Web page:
It had been awhile since we’d trundled off with hammocks and bicycles for a single night micro adventure under the stars and given that the weather forecast was looking good and the fact my roof rack complete with large desktop had launched itself from the roof of the car (while driving down the M5) on Friday night we decided a trip down the towpath was in order.
Gear was loaded and as the panniers seemed to be in the bottom box at the back of the storage cupboard behind a locked door labeled beware of the leopard we used the trailer. Keeping the amount of kit down is tricky especially when you have two sleeping bags, a double hammock, tarp, jetboil, water and some food. What was supposed to be a lightly packed trip starts looking like a full on tour.
Having packed and loaded up the bikes I realised I’d forgotten the single malt, and frankly the beer so a dash back inside the flat was required. Once these essential supplies had been stowed we were off. The plan was simple ride until it was dark and we’d found somewhere to camp. Easy really except even out here in the sticks everywhere you might want to discreetly pitch up a hammock has houses or scraggy factories on it.
We kept riding along the towpath until we came across a tunnel under the railway that had flooded and despite probably being able to ride through it was dark, wet and smelly. I just didn’t like the look of it. Unfortunately to get off the towpath there was stairs, really steep worn out ones with a wobbly handrail. After climbing the stairs with all the kit we received an award in the style of a old school man operated level crossing complete with friendly and helpful member of Network Rail staff.
We had to ride along the road for a bit now and hills came into the equation but after climbing through one village a turning revealed a wide path back onto the canal with a wide tree lined border suitable for hammocking.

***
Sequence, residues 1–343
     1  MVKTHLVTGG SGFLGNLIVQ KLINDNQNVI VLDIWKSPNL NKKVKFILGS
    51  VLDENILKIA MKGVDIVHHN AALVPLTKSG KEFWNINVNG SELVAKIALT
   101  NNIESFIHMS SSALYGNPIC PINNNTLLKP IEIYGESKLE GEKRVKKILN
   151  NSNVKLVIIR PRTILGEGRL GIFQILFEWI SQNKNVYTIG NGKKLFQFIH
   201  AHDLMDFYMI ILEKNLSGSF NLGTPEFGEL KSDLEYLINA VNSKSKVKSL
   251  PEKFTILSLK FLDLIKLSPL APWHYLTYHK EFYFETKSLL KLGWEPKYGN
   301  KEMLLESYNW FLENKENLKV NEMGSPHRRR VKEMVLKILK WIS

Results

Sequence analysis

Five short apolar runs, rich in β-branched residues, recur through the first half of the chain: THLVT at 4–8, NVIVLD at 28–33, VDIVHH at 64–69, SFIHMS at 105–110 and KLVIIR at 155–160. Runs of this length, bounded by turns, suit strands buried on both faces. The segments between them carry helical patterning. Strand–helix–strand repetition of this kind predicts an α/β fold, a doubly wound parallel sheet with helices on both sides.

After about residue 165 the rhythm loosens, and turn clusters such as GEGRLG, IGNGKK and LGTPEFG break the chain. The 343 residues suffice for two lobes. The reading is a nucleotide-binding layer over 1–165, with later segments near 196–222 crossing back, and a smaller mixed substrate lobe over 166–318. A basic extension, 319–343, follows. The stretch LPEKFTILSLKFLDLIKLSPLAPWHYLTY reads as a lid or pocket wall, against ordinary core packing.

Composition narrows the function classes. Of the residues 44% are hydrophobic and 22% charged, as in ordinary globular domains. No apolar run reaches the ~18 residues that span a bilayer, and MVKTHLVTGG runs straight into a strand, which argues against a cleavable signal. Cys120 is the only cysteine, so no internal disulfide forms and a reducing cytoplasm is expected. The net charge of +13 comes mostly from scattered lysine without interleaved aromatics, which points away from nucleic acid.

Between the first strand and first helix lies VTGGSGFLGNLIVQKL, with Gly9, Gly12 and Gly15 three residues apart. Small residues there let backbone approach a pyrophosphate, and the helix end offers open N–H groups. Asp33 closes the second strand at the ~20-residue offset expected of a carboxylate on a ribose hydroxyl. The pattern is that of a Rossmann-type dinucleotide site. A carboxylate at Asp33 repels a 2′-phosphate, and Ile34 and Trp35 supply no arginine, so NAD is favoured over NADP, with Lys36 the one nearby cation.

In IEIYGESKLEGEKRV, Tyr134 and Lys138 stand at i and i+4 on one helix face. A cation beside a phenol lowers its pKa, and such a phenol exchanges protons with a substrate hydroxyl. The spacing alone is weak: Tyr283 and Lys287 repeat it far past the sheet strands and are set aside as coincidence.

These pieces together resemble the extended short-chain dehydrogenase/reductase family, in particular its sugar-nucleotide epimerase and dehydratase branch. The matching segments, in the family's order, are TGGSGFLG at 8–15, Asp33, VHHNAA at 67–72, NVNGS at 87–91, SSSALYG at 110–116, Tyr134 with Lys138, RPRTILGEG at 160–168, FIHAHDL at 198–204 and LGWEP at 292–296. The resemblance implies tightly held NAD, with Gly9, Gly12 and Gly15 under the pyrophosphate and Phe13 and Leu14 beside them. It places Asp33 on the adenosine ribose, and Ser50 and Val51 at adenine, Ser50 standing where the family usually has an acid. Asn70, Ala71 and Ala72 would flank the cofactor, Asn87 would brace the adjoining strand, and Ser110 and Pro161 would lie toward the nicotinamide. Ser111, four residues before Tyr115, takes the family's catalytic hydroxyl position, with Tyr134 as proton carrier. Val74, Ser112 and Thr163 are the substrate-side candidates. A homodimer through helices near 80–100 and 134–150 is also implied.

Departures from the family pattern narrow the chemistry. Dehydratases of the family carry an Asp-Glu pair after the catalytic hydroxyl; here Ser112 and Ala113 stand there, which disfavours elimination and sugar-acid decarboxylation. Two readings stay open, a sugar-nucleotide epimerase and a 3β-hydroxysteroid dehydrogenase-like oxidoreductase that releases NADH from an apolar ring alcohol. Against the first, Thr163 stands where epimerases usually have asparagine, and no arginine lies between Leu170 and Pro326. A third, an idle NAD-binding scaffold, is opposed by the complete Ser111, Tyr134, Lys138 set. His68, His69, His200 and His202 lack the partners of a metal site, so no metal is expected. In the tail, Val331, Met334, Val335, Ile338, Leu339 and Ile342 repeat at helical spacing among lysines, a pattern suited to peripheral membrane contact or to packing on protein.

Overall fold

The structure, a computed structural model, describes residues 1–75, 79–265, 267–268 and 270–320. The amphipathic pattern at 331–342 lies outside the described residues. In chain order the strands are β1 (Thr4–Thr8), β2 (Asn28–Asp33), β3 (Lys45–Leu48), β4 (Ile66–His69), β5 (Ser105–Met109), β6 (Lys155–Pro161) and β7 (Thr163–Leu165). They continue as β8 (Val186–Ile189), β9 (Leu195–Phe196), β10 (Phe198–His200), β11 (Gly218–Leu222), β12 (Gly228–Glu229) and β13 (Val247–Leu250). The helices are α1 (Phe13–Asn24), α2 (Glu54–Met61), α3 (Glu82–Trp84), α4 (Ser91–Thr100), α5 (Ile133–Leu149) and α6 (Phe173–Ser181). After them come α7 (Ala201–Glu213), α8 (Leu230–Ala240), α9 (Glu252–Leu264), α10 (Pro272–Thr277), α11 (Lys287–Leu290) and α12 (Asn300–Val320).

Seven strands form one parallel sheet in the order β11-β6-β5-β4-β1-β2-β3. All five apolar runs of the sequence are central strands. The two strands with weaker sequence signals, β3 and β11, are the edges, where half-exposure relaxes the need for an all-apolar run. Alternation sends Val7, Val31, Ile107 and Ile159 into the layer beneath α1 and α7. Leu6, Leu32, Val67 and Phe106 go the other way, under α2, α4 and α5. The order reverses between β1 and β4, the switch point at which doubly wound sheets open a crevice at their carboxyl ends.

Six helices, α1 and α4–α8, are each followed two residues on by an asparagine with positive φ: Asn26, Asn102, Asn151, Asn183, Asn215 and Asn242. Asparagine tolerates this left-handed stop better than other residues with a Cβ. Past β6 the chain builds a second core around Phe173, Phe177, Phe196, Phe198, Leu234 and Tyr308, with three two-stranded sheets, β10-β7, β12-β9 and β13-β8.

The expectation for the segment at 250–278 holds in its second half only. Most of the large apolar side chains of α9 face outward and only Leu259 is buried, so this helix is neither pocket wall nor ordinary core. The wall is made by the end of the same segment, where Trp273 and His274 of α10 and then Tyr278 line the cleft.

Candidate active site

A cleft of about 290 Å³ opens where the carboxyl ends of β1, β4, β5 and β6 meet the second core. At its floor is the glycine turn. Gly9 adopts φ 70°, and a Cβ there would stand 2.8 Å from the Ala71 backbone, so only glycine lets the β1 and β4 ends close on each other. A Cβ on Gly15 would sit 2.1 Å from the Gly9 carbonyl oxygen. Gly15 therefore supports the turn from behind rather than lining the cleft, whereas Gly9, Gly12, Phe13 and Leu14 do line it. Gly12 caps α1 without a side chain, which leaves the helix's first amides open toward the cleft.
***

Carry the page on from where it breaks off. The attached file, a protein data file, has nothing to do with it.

Quickly a spot was found and the gear was assembled, at which point I discovered that one of the weight savings I’d made was by leaving the hammock hanging straps at home. Thankfully my kit contained some lengths of paracord apparently good up to 500 pounds of weight so I made up some hanging loops and got the hammock and tarp put up.
I should point out that this is a Journey to the Moon double hammock but in order for maximum comfort the hammock should be level. Which it wasn’t or we wouldn’t be able to get in. It was dark dammit.
The Jetboil was fired up and the pasta chucked in meanwhile Mary chopped up our elk sausages we’d bought in Ikea earlier to add to the dinner. I took care of far more important things and opened a beer.
After watching the Mountain bikers do loops on the trail we didn’t know existed until their high powered lights (and voices) started whooshing around it was time for sleep. Now I know I spend a lot of time in the City of Birmingham but flipping owls, calling all night and then joined by his mates just to see if they can keep me awake.
Morning came far too early but not be met by a bunch of dogwalkers is often a plus on one of these things so at 7am we started boiling water for tea and dismantling camp.
The other side of the river from us was a set of bee hives.
With all the kit loaded we rode back the way we came actually able to have a look around hoping that somewhere selling bacon sandwiches might be open, flipping countryside apparently everything is shut on a Sunday morning. But the water falls on the disused canal look pretty so I guess that counts for something.
Pulling into the garden of the flat we unloaded the gear and hung everything out to air, quietly transforming the yard into a temporary outdoor equipment showroom. Surrounded by our stuff we stuffed scrambled eggs and toast in our faces pleased we avoided the normal and had an Adventure.